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Tribute to Titus
17 September 2009

The world's most famous silverback gorilla Titus – ‘The Gorilla King’ – has died.
 
He was found in his night nest in the Volcanoes National Park in the north-west Virunga Mountains in Rwanda on September 14 after dying of natural causes
 
The 35 year old mountain gorilla, who had been observed by researchers almost his entire life, became well known as a star of Dian Fossey’s book and film Gorillas In The Mist. Last year Titus starred in the BBC documentary Titus: The Gorilla King, which retraced the silverback’s eventful life.
 
Dian Fossey noted that as an infant he seemed “underdeveloped and spindly” and had difficulty breathing, but Titus overcame these difficulties. When he was four, poachers killed his father, uncle, younger brother and then his infant sister. The deaths caused his mother and older sister to flee to another group and Titus was left to live with a few unrelated males.
 
The group remained all-male for several year until five females came to join them. The leader at the time, Beetsme, drove away all the other males except Titus, who was favoured by the dominant female, Papoose. In 1991, at age 17, Titus surprised researchers when he deposed the dominant silverback, Beetsme, in a bloodless coup.
 
At the time, Rwanda was descending into civil war, forcing researchers to flee. This is the only gap in his life’s record.
 
Titus maintained his dominance until 2007 when one of his sons, Kuryama, began to provoke confrontations, until he split from the group to form his own. This marked the beginning of a stressful time as in the following two years most females transferred to other groups. Kuryama’s return a few weeks ago caused further anxiety.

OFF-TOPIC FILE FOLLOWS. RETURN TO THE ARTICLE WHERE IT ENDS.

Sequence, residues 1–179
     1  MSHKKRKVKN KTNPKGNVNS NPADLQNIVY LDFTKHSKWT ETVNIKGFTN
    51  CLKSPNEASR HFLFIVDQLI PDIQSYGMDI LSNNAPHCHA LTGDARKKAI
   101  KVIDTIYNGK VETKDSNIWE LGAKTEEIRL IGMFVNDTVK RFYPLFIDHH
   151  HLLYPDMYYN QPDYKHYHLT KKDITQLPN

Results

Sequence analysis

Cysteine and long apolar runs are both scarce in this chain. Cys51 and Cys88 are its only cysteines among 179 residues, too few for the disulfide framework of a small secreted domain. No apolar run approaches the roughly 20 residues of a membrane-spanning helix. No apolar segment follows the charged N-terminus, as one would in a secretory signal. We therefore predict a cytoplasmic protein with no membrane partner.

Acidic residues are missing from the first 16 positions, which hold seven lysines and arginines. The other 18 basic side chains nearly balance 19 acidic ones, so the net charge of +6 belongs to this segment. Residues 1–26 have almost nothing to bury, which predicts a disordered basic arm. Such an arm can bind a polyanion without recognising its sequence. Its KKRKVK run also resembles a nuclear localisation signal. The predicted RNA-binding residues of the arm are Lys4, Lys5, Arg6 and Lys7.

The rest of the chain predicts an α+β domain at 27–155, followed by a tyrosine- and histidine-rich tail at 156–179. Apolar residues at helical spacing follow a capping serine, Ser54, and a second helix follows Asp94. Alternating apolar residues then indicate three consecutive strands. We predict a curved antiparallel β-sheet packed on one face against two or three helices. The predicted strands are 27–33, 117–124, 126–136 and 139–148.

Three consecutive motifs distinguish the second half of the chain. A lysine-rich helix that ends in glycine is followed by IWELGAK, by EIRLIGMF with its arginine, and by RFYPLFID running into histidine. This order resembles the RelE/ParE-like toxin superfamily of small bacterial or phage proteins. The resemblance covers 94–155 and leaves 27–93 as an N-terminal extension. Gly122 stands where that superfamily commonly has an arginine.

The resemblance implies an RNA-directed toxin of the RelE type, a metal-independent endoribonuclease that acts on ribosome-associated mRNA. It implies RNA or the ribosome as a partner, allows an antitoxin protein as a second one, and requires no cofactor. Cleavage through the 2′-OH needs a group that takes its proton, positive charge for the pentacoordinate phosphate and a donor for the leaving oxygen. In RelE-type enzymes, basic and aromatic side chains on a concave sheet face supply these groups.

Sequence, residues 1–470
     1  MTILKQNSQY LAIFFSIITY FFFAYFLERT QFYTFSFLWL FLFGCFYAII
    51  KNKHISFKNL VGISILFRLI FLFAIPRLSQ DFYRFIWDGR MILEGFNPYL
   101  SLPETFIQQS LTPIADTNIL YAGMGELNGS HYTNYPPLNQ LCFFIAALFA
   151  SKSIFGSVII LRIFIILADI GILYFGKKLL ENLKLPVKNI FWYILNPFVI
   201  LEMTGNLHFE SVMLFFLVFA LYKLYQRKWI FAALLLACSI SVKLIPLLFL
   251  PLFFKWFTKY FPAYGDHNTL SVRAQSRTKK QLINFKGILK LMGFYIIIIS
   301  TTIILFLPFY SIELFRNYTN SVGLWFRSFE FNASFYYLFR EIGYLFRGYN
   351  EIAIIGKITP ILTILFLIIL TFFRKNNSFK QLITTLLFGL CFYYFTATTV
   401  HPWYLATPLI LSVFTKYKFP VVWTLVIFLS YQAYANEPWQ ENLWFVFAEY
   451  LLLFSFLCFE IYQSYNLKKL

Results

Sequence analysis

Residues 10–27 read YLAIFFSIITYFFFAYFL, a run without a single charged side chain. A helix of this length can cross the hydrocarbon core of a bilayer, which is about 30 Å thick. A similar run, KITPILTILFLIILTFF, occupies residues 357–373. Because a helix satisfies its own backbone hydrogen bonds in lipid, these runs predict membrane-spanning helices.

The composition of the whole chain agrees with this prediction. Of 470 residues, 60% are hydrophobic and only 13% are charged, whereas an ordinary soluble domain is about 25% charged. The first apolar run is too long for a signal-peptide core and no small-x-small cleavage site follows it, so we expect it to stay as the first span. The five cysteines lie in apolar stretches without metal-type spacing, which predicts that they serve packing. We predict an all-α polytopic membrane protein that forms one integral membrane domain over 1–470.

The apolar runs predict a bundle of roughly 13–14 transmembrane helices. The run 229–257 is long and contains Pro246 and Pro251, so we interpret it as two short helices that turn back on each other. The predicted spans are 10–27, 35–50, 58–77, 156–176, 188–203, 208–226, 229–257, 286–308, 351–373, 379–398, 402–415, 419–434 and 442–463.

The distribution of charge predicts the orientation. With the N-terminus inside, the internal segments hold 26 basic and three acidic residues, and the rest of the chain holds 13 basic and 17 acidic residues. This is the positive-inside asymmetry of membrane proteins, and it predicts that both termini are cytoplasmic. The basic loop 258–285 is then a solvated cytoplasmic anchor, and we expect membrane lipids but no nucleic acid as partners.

UN Year of the Gorilla Ambassador and Gorilla Organization trustee, Ian Redmond, who knew Titus since he was two years old, says “The death of any individual gorilla who plays such an important role in his community is a sad occasion. For me it is like losing an old friend. He was the first gorilla I saw when beginning my work as Dian Fossey’s research assistant in 1976. Titus’s death from natural causes at 35 is a triumph for conservation; how wonderful that we humans have been able to leave him the space to flourish and become the most successful silverback on record, then grown old and die surrounded by his family.”
 
Titus fathered more offspring than any other gorilla observed over more than 30 years at the Karisoke Research Centre in the Volcanoes National Park. Ian Redmond says “Can the infant gorillas in Titus’s group hope to live as long as the Gorilla King? With the way the forests are dwindling, will they be able to have that same natural lifespan?”
for further information or photographs contact:

David Hewitt, Communications Manager
The Gorilla Organization, 110 Gloucester Avenue, London, Nw1 8HX
Tel: 020 7916 4974
Mobile: 07801 971123
david@gorillas.org
www.gorillas.org